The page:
16. Some migrants may be undocumented, but they are still human beings and deserved to be treated humanely and should be accorded equal protection under the law.

17. Malaysia, a party to the April 1999 BANGKOK DECLARATION ON IRREGULAR MIGRATION, which clearly states “Irregular [undocumented] migrants should be granted humanitarian treatment, including appropriate health and other services, while the cases of irregular migration are being handled, according to law. Any unfair treatment toward them should be avoided” must adhere to its commitments.

18. New laws can always be enacted by a parliament in times of peace if needed.

IT IS HEREBY RESOLVED:-

a) That we, the Malaysian Bar, call upon the Yang Di-Pertuan Agung to revoke all existing Proclamations of Emergency in Malaysia;

b) That we, the Malaysian Bar call for the repeal all legislations and Acts that were enacted and continue to be in force by reason of the now existing unrevoked Proclamations of Emergency;

c) That we, the Malaysian Bar reiterate our call for the repeal of Emergency (Public Order and Prevention of Crime) Ordinance 1969 and the Essential (Security Cases) Regulations 1975;

d) That we, the Malaysian Bar specifically call for the repeal of the Emergency (Essential Powers) Act 1979 and all Regulations and Rules made thereunder, in particular Essential (Ikatan RELAwan Rakyat) Regulations 1966 [P.U. 33/1966], as amended by the Essential (Ikatan RELAwan Rakyat) (Amendment) Regulations 2005;

e) That we, the Malaysian Bar call for the employment and usage of only properly trained professional law enforcement personnel in Malaysia;

f) That we, the Malaysian Bar urge that inquests be conducted for Ahmad Apik, Edy Sathurrohman and for the other persons who have died as result of alleged RELA actions;

g) That we, the Malaysian Bar urge that all persons including undocumented migrants and/or refugees be treated humanely and accorded equal protection of the law;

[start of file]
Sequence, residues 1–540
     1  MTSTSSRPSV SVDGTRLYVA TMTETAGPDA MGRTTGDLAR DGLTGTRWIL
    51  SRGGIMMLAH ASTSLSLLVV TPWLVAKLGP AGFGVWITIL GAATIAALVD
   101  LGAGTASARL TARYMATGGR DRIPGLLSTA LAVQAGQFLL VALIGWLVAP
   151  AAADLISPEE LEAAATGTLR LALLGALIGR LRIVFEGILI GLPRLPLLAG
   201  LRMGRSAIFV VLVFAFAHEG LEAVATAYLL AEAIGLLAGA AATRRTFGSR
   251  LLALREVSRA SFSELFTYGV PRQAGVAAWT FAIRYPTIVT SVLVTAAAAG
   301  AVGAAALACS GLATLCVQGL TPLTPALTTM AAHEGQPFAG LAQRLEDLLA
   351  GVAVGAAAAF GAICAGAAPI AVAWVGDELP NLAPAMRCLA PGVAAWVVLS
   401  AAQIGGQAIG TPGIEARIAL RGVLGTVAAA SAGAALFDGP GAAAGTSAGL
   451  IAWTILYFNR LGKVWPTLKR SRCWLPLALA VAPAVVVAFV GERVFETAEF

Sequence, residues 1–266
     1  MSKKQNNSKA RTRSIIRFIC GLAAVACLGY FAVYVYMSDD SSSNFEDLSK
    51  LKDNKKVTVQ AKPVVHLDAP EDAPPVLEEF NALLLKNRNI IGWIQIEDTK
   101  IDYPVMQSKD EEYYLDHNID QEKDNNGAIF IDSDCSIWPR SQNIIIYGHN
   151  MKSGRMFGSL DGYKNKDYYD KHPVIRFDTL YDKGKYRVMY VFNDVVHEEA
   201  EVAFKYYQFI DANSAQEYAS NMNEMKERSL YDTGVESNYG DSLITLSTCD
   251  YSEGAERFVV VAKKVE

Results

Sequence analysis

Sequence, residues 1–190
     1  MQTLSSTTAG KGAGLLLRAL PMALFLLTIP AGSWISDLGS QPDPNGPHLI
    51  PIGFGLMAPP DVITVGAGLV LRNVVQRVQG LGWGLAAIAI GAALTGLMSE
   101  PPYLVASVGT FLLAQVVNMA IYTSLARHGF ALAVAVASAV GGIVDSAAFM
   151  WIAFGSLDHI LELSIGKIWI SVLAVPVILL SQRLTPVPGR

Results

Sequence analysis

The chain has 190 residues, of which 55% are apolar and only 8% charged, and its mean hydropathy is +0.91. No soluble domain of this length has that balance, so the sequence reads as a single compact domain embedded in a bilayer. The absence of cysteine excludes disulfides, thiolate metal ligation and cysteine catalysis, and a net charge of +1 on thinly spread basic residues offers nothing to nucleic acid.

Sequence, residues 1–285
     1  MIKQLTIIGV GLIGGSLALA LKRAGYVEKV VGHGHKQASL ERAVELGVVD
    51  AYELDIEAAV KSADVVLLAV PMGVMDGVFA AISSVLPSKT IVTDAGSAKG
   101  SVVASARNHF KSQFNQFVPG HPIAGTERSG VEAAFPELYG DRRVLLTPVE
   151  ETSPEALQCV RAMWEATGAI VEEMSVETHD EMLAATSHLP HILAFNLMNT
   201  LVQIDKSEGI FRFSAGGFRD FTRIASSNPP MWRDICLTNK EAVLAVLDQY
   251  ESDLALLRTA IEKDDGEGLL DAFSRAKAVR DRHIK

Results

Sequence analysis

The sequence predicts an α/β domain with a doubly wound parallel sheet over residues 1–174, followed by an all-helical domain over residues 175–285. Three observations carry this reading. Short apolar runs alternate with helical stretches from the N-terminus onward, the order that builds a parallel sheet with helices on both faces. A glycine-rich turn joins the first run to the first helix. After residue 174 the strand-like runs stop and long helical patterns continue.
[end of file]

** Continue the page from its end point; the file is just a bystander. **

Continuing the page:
h) That we, the Malaysian Bar call on the Malaysian government to immediately ratify the International Convention on the Protection of the Rights of All Migrant Workers and Members of their Families;

i) That we, the Malaysian Bar call on the Malaysian government to immediately ratify the Convention against Torture and Other Cruel, Inhuman or Degrading Treatment or Punishment

Proposers:

Charles Hector

Francis Pereira

18th February 2007

Thursday, March 22, 2007

PRESS RELEASE: Delays in court proceedings

PRESS RELEASE: Delays in court proceedings

Thursday, 22 March 2007, 06:40pm

Ambiga SreenevasanThe right to be heard without delay is a human right.

The Bar Council welcomes the Chief Justice’s move to look seriously into the issue of delays in court cases.

However, singling out “popular lawyers” as a cause is to ignore the many other factors that contribute substantially to the delays in courts.

There is also the important principle that cannot be derogated and that is that an accused person or a litigant has a right to the counsel of his choice.

On the 7th and 8th of April 2005, SUHAKAM held a forum on the right to an expeditious and fair trial. A written report was then prepared by SUHAKAM that dealt comprehensively with the issue of delay and made several recommendations.

The workshop also identified the many factors that contribute to delays in Courts and they include the acute shortage of judges and judicial officers, insufficient support staff, the method of the recording of evidence and the process by which an accused is charged.

Clearly a holistic approach is required as even without a lawyer handling many cases, the court diaries are unable to accommodate early disposal of the cases.

The Malaysian Bar has always been concerned at the ever increasing number of cases that are being filed in our courts and believes the recommendations of SUHAKAM in this regard ought to be seriously considered and implemented.

Dated 21 March 2007

Ambiga Sreenevasan
Chairman
Bar Council

Rela members not paid RM80 per illegal(Malaysiakini)







Rela members not paid RM80 per illegal
Yoges Palaniappan
Mar 21, 07 2:30pm



Deputy Home Minister Tan Chai Ho today denied that voluntary corp Rela members are paid RM80 for every illegal immigrant they nab.

Speaking to reporters at the Parliament lobby, he said Rela consist of volunteers who attach little importance to financial incentives.

However, he said since most of them are self-employed, they have to be compensated when on duty.

He added that Rela members are only paid RM6 as allowance per operation and not RM80 per illegal immigrant as alleged by some parties.

In 2005 and 2006, he said Rela members had arrested 8,244 and 25,045 illegal immigrants respectively while in the first quarter of 2007, they arrested 9,691 illegal immigrants.

No deaths

“For those who employ an illegal worker, we will impose a fine amounting between RM10,000 and RM50,000, or imprisonment of not more than 12 months or both.